the encoding-specificity principle

27

What are the three types of long-term memory?

  1. episodic memory
  2. semantic memory
  3. procedural memory

28

What kind of memory is used when riding a bike?

Procedural memory is the part of long-term memory that remembers how to perform an action.

29

What makes episodic memory different from semantic memory?

Episodic memory involves the self, like remembering your first kiss or other episodes from your life.

Semantic memory does not involve the self, but rather facts, like directions from your home to school.

30

What kind of memory is used when remembering a fact?

declarative memory

31

What kind of memory accounts for the fact that you know how to tie your shoes, even though you can't remember when you learned it?

Implicit memories are unconscious, and sometimes you don't even know you have those memories.

32

What is an explicit memory?

 

What two types of memory make up explicit memory?

A memory one can intentionally, consciously recall.

 

Episodic Memory & Semantic Memory

33

If an individual can remember events from before the onset of amnesia (but not after), what kind of amnesia does he have?

Anterograde amnesia, which prevents patients from making new autobiographical memories, but allows them to recall memories from before the onset of amnesia.

 

Sometimes anterograde amnesia may be the result of a brain injury; sometimes it is a precursor of dementia.  

34

If an individual can form new memories but is unable to recall any autoibiographical memories from before the onset of amnesia, what kind of amnesia does he have?

Retrograde amnesia, which prevents recall of autobiographical memories before onset of amnesia.

35

What is another term for photographic memory?

eidetic memory

36

What well-known major contribution did Hermann Ebbinghaus make to the understanding of memory?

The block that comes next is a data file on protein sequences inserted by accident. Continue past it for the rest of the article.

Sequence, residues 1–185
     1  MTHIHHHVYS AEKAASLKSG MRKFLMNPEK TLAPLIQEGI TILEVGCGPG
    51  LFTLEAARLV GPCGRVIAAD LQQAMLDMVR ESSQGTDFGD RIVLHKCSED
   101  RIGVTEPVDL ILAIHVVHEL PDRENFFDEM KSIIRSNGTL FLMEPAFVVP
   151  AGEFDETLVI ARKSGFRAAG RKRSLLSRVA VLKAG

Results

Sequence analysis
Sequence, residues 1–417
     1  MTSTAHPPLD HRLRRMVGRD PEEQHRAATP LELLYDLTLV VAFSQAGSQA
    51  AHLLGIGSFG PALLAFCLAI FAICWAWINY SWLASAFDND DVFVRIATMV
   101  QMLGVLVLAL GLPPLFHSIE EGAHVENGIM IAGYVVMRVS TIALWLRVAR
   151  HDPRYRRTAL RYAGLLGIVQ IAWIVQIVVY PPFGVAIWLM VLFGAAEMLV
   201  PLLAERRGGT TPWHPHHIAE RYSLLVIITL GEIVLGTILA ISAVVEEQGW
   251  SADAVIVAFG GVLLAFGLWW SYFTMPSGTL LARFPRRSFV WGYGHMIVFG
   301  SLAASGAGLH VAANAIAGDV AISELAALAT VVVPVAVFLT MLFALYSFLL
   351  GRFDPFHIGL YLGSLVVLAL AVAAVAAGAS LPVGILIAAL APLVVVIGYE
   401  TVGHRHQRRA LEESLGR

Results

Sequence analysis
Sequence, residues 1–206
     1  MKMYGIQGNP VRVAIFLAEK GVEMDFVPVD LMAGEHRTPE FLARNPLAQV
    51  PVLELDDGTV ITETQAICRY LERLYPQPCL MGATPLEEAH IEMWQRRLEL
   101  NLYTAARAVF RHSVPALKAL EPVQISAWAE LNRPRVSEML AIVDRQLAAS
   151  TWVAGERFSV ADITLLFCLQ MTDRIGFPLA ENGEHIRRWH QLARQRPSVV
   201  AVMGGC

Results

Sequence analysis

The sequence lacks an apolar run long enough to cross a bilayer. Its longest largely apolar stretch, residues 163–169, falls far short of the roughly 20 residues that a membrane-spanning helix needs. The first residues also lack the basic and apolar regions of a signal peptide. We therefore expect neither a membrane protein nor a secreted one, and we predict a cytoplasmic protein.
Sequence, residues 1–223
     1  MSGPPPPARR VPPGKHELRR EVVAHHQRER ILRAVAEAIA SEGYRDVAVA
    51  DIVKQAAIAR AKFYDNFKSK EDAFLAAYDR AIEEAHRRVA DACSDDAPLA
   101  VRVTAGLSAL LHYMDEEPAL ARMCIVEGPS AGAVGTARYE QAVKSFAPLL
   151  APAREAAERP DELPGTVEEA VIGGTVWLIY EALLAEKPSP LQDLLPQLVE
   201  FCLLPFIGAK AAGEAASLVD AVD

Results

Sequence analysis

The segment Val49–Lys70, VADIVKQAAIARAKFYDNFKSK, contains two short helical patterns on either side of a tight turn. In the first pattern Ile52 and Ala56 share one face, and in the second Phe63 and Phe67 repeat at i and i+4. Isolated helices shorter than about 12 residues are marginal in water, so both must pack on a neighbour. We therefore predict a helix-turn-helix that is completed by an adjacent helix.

Hermann Ebbinghaus (1850-1909) first established primacy, recency, and the serial position and forgetting curves?

37

Explain Ebbinghaus' forgetting curve.

When we learn new information, much of it is lost almost immediately after learning it. After this initial drop, however, forgetting nearly plateaus and the loss of memory is far less drastic.

38

"Oh, what's that actress' name? The blonde one, she's in all those romantic comedies, she was married to that other actor, and she was on a soap opera as a kid. Why can't I remember her name?"

What is happening in this sentence?

The tip-of-the-tongue phenomenon is preventing us from recalling information we already know.

The semantic network theory believes we are trying to connect cues we hold about the identity of the actress until we can link the cues to her name, even though we are unable to recall the name immediately.

(The tip of the tongue phenomenon is an example of the phenomenon/memory error of blocking.)

39

What is a flashbulb memory?

A flashbulb memory is a form of memory in which it seems almost as if one's brain captured a picture or brief video of an event and storing it in one's memory.